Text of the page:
Björk's new album, Biophilia, is shaping up to be an experiment in technology and mobile apps: The record will be released as an "app album" for the iPad, featuring ten mini-apps to go with each song. A preview of the first song, "Crystalline," hit the web this week.
Blondie are prepping the release of Panic of Girls — their first new album in seven years — with a physical release slated for July. UK fans, however, got an early taste of the album through Amazon's digital download store this week, and the preview is promising: Retromodern and yet actually modern, the album also features young Brooklyn songwriter Zach Condon — who adds trumpet to "Wipe Off My Sweat" and whose band, Beirut, originally wrote and recorded "A Sunday Smile."
If you're looking for some new DJ mixes to stream, BUTT magazine is hoping to fill the void with a new exclusive series of mixtapes available from their specially designed BUTT audio-player. The first mix is up now, featuring Berlin DJs Discodromo and Boris — the latter of whom is a Paradise Garage vet and former heyday resident at Berlin's legendary Panorama Bar.
This week's bizarre confession: Take That's Robbie Williams undergoes weekly testosterone treatment. "Went to see a Hollywood doctor, had my blood tests," he explained. "He said, 'You've got the testosterone of a 100-year-old man.' And then everything made sense. It was kind of an epiphany."
Nomi Ruiz came to light as the breakout star of the debut self-titled Hercules & Love Affair album; her contributions to "You Belong" and "Hercules Theme" set a tone that producer Andy Butler had trouble recreating on album number-two. This week, Ruiz returns with her own group, Jessica 6, and a debut album that belies their new-band status. Equal parts disco, proto-house, and coquettish R&B, See The Lightplays with a lot of the ideas that Ruiz explored with Hercules, but shoots less for homage and more for total embodiment. While "Prisoner Of Love" will get much of the press for its Chicago-styled piano house and Antony Hegarty guest spot, tracks like "Champagne Bubbles/Remember When" invoke an anachronistic Mary J. Blige nestled into a late night Quiet Storm slot on 1980s R&B radio. This is, in case you're wondering, a pretty awesome thing.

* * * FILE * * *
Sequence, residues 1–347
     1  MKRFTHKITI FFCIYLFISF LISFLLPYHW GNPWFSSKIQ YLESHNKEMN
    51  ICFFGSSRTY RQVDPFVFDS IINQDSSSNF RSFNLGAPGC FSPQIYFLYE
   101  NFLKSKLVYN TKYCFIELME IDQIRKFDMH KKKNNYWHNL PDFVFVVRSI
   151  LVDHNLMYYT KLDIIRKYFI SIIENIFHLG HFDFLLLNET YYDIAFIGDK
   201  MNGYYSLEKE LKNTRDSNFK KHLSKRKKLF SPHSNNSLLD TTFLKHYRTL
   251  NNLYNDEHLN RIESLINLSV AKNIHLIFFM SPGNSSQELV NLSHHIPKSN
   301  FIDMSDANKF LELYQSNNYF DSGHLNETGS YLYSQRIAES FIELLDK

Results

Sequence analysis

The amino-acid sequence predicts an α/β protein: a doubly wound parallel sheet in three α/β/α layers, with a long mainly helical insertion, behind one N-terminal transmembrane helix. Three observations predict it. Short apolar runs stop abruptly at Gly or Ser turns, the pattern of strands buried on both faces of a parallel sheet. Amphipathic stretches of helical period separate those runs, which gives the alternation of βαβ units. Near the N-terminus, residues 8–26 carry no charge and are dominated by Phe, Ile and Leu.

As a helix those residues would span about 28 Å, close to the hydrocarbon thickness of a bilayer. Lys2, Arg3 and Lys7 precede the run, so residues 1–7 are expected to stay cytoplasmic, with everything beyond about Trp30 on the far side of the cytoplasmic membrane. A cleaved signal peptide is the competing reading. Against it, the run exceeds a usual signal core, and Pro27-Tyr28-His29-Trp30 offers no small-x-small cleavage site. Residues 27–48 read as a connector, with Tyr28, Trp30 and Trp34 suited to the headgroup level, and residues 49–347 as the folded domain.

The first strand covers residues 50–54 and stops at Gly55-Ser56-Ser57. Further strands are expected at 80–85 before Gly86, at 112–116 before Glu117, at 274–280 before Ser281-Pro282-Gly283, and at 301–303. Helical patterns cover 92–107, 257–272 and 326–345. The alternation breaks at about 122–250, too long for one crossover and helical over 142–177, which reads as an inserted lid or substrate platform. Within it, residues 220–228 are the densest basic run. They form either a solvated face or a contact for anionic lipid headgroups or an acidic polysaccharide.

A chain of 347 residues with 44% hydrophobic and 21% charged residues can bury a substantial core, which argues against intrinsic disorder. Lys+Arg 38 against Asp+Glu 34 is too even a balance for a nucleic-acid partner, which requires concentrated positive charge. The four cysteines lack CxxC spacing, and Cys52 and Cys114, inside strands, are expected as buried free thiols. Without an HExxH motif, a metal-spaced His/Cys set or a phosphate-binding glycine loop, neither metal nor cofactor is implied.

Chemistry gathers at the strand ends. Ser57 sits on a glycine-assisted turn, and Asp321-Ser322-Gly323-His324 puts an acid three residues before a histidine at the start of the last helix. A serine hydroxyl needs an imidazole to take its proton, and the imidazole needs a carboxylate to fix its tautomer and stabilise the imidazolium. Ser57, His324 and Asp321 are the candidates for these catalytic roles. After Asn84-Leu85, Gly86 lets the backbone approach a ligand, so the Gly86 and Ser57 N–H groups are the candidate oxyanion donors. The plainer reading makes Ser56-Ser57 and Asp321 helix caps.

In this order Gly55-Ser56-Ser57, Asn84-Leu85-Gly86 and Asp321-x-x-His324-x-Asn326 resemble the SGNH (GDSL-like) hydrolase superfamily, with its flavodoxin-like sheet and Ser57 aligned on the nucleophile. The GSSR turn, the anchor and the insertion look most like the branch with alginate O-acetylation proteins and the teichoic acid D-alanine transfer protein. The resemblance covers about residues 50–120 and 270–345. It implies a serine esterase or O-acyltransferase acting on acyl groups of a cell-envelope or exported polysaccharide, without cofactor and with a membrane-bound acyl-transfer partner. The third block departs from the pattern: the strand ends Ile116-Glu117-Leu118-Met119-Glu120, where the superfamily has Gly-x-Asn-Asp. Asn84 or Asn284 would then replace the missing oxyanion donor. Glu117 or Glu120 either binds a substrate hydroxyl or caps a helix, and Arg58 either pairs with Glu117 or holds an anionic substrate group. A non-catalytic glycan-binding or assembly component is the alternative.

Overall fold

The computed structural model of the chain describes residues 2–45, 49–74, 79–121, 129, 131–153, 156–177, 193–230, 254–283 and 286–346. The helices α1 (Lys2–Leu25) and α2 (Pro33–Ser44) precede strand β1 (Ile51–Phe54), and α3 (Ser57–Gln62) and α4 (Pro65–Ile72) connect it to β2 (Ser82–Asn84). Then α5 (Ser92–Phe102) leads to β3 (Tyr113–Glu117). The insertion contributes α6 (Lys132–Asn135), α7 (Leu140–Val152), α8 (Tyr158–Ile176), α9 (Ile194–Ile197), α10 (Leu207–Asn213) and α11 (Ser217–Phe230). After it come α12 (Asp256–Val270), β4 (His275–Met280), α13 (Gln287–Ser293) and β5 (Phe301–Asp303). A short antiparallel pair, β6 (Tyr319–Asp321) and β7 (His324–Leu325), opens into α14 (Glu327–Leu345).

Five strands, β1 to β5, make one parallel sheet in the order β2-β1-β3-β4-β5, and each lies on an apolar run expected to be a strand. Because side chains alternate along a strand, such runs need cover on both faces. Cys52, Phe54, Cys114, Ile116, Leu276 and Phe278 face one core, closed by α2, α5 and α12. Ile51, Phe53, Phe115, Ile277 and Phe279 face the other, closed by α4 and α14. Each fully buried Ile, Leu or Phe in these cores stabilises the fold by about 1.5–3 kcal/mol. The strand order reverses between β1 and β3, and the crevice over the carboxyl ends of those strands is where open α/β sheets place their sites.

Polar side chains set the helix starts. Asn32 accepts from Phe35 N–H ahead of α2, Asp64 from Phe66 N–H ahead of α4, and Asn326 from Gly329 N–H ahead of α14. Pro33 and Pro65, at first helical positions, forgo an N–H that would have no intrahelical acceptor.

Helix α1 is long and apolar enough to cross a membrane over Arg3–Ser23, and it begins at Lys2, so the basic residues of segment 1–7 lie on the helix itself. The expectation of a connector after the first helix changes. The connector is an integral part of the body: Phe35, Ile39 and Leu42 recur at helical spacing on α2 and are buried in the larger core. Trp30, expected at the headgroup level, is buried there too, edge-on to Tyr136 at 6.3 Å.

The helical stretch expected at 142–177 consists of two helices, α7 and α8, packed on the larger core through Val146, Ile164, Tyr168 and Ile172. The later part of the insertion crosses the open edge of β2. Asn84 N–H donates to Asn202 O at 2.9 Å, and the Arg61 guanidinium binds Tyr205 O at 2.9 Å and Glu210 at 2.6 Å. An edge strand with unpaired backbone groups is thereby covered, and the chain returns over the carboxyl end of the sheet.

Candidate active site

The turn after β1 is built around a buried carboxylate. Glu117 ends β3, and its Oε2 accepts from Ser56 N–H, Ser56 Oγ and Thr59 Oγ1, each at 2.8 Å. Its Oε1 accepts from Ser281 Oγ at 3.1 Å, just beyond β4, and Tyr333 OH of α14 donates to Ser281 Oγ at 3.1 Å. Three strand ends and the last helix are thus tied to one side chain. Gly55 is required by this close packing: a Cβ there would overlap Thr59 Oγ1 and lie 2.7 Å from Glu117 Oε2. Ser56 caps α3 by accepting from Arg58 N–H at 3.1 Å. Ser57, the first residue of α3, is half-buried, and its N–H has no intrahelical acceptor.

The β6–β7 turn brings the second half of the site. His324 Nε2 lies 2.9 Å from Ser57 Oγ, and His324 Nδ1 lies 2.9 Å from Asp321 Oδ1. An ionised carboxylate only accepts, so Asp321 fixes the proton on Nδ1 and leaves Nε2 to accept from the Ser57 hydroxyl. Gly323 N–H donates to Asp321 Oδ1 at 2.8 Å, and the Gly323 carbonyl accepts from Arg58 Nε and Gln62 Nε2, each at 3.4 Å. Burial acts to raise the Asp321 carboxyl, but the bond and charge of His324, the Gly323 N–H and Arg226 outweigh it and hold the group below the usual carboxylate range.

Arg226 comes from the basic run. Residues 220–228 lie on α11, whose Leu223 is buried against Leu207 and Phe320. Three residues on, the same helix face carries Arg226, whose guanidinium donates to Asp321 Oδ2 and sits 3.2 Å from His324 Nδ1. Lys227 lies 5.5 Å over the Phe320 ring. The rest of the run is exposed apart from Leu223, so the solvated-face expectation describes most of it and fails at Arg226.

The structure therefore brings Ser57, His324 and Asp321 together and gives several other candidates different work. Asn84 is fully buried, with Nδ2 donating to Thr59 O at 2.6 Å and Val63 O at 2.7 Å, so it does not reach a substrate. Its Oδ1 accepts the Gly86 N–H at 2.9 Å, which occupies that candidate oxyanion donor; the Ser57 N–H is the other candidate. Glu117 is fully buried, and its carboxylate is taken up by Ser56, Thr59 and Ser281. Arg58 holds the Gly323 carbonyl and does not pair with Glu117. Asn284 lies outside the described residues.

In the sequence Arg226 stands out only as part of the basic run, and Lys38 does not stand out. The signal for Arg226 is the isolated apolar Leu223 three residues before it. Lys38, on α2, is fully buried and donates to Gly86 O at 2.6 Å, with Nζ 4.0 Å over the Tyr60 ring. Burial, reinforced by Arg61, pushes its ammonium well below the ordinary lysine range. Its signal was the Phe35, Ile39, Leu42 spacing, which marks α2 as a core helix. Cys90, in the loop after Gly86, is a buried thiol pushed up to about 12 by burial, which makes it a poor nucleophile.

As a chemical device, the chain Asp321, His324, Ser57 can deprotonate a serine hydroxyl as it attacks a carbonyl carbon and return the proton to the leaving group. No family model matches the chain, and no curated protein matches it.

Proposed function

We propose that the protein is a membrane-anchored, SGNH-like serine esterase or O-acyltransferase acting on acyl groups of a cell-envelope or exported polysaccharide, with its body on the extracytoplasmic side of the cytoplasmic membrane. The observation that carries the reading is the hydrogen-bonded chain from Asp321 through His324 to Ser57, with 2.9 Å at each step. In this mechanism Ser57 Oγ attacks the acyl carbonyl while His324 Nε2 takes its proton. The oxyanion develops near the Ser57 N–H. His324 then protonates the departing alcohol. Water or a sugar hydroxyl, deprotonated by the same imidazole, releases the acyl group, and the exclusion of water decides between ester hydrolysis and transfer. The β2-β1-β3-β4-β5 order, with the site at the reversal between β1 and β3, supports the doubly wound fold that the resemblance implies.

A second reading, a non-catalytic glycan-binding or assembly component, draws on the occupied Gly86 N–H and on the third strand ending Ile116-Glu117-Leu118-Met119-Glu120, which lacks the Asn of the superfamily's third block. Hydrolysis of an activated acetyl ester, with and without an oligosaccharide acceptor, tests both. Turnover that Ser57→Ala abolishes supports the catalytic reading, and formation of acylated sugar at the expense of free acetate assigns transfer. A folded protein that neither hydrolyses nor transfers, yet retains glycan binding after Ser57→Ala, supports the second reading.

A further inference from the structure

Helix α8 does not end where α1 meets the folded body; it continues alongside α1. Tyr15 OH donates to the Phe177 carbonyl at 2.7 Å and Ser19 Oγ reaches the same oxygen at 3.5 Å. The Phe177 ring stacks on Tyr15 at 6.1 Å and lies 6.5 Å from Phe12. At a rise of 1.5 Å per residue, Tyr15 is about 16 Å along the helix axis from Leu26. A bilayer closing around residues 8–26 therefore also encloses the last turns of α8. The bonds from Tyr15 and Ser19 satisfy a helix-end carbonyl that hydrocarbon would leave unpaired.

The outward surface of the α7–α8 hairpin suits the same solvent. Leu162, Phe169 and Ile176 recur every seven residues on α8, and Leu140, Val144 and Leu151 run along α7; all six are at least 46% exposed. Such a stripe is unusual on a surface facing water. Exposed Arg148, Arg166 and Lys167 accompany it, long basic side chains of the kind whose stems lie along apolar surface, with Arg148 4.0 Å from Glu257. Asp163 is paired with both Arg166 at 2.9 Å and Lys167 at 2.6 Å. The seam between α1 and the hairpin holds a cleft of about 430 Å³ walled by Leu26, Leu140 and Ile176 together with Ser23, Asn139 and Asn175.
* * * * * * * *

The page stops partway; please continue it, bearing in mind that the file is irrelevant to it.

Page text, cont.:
He reinvented himself on Broadway with work on the Tony Award-winning Spring Awakening, meaning that Duncan Sheik has outlived most of the singer-songwriters that came up alongside him in the mid-'90s. (Ubiquitous hits like "Barely Breathing" tend to add to one's shelf-life considerably, if not subsidize the lesser-selling albums destined to follow.) Off Broadway, Sheik's more recent albums have mellowed even further with age, and Covers '80s takes this slow-motion weathering to its next logical step: A collection of twelve totally inoffensive, and even occasionally endearing interpretations of hits by Depeche Mode, The Smiths, Talk Talk, and, umm, The Thompson Twins won't set the world on fire, but they will remind you how old you are in a gentle, toe-tapping kind of way.